vim -O file1.txt file2.txt

Using the two files we created above, here’s what it looks like:

Opening Multiple Files in Vim
Opening Multiple Files in Vim

Now if we want to save all the open files at once, we once again hit “Esc”, then type:

:wa

And if we want to save all our files and quit Vim, we type:

:wqa

Opening Tabbed Files in Vim

Opening files side by side, either vertically or horizontally is useful if you have two, or a maximum of three files. However, if you need to work with more than that, there isn’t enough screen space for all of them. In such situations, opening files in a tabbed format is more efficient, as you can open dozens of files simultaneously. To open a bunch of files in Vim in a tabbed format, type the following:

vi -p test.txt testbackup.txt

This will open the files with tabs for each filename as shown here:

Tabbed Files
Tabbed Files

You can switch to the next tab by typing “gt” after pressing “Esc”. If you have multiple files open, then you can switch to a specific tab number by typing:

:tabn N

Where “N” is the tab number. There are also commands to go to the first and last tab. You can find the commands for tab navigation easily online.

Using the Vim “update” Command to Save Files

Some people have a habit of saving their files whenever they get the chance, whether there are changes or not. This isn’t a bad thing. Save early, and save often! And indeed, under normal circumstances, there are no downsides to this. Text files are typically too small to create any kind of impact on modern servers, and even if you were an obsessive saver, there’s no harm in saving as often as you can.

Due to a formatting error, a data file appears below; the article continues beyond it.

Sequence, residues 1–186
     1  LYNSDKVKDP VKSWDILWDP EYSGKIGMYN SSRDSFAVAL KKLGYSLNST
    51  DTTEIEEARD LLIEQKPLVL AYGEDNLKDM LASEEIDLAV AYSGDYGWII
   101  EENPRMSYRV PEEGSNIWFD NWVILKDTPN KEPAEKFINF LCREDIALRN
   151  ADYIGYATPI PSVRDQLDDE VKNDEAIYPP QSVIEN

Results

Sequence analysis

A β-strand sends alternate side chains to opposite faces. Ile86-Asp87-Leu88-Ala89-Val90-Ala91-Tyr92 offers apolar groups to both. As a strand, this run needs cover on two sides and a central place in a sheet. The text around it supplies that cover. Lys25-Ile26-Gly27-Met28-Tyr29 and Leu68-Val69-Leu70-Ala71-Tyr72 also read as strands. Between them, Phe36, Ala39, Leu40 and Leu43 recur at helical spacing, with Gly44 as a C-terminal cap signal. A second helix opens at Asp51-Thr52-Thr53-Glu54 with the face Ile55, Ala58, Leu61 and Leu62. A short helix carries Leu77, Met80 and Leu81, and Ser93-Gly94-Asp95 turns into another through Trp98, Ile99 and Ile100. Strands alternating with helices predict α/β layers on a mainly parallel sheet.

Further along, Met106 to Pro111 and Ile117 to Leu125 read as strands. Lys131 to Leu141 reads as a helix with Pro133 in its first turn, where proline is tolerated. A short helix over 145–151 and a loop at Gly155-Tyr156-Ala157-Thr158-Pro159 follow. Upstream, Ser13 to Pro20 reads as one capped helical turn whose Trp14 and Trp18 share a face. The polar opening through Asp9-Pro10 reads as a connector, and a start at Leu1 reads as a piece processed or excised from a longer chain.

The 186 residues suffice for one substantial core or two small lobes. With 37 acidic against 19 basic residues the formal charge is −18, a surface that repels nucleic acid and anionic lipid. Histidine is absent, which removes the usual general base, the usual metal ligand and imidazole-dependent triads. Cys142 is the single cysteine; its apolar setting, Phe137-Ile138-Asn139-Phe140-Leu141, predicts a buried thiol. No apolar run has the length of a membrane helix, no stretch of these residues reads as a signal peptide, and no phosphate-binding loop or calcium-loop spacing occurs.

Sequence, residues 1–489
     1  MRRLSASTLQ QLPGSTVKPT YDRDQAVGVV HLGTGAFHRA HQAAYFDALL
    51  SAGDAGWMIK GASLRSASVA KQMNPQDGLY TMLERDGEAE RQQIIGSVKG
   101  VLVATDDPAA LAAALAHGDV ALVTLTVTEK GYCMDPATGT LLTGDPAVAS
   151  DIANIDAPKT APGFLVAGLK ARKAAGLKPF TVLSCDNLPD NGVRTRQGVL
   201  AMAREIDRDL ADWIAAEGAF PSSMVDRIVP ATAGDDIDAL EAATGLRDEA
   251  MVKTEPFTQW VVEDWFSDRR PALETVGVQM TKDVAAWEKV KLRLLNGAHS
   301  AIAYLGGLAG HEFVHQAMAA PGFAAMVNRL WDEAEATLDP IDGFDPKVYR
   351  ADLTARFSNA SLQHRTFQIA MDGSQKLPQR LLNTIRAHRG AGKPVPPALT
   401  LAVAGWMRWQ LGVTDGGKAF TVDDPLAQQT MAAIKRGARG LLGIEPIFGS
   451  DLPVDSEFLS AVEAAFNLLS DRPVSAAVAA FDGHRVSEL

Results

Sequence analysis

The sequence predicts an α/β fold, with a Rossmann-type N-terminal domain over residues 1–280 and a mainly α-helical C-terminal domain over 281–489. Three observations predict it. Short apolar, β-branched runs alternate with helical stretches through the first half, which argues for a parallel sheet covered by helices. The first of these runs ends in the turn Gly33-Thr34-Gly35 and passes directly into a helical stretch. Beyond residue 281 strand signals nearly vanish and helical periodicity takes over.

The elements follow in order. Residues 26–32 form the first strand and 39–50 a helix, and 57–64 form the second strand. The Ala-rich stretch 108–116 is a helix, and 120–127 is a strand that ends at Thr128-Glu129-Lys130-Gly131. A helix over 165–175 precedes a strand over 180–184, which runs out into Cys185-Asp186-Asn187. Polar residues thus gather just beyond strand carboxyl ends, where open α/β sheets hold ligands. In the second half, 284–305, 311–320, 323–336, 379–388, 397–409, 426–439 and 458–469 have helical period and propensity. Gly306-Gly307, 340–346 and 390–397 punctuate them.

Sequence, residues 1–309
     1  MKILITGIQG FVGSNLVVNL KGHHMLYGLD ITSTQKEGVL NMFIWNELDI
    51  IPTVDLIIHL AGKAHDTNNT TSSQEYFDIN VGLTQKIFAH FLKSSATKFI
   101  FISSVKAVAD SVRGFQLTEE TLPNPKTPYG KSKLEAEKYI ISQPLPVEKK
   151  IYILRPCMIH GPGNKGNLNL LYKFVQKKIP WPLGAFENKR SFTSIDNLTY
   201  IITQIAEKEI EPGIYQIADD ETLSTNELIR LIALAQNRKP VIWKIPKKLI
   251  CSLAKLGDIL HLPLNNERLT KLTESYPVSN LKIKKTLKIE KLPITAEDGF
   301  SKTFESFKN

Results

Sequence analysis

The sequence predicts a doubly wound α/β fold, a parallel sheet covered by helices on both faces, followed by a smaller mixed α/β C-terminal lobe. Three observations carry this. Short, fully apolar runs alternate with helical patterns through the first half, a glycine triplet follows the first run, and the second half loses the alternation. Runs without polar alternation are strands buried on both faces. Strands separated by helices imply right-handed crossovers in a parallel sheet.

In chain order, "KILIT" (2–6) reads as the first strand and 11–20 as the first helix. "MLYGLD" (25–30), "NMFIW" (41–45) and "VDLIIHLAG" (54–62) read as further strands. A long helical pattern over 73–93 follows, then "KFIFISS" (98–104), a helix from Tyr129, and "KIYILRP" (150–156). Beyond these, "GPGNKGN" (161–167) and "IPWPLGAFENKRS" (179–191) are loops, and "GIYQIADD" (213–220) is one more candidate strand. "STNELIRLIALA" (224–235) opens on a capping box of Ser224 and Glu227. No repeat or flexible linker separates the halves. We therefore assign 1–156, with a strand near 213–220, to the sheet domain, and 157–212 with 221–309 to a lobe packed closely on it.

Problems, however, can arise in two cases. First, the location of the disk to which the file is saved might not be a local one. In the case of a remote disk, the process of saving can introduce some latency, and this could be a problem if you save too often, and the delay can become noticeable if it impacts your workflow. The second issue can arise when the files in question are truly large. We typically don’t see large text files in everyday life, but sometimes files like server logs can grow to truly gargantuan sizes, as they incorporate all kinds of events over a long period of time. In such situations, you might find that saving them frequently results in a lot of disk activity, particularly when combined with the first factor.

To solve this problem, Vim has the “update” command. To invoke it from normal mode, just type:

:update

As before, you can always enter normal mode by pressing the “Esc” key. Instead of using :update, you can also just use:

:up

Or, if you have multiple files open:

:upall

The “update” command is the same as the “write” command but with one difference. If there are no changes to the buffer, then it doesn’t do anything. If the buffer has changed, then it will write the changes to the disk as if you had issued the “:w” command. In this way, you won’t waste network and disk activity by issuing useless write commands that don’t change the contents of the file.

Conclusion

Vim, also invoked with the command “vi”, is a versatile and powerful text editor for the Linux command line. If you foresee yourself using text commands a lot, then it’s well worth the investment of time to learn how to use this tool. As you can see, there are many ways of saving a file using Vim, and you can use its features to become more productive with multiple files, just as if you were using a GUI.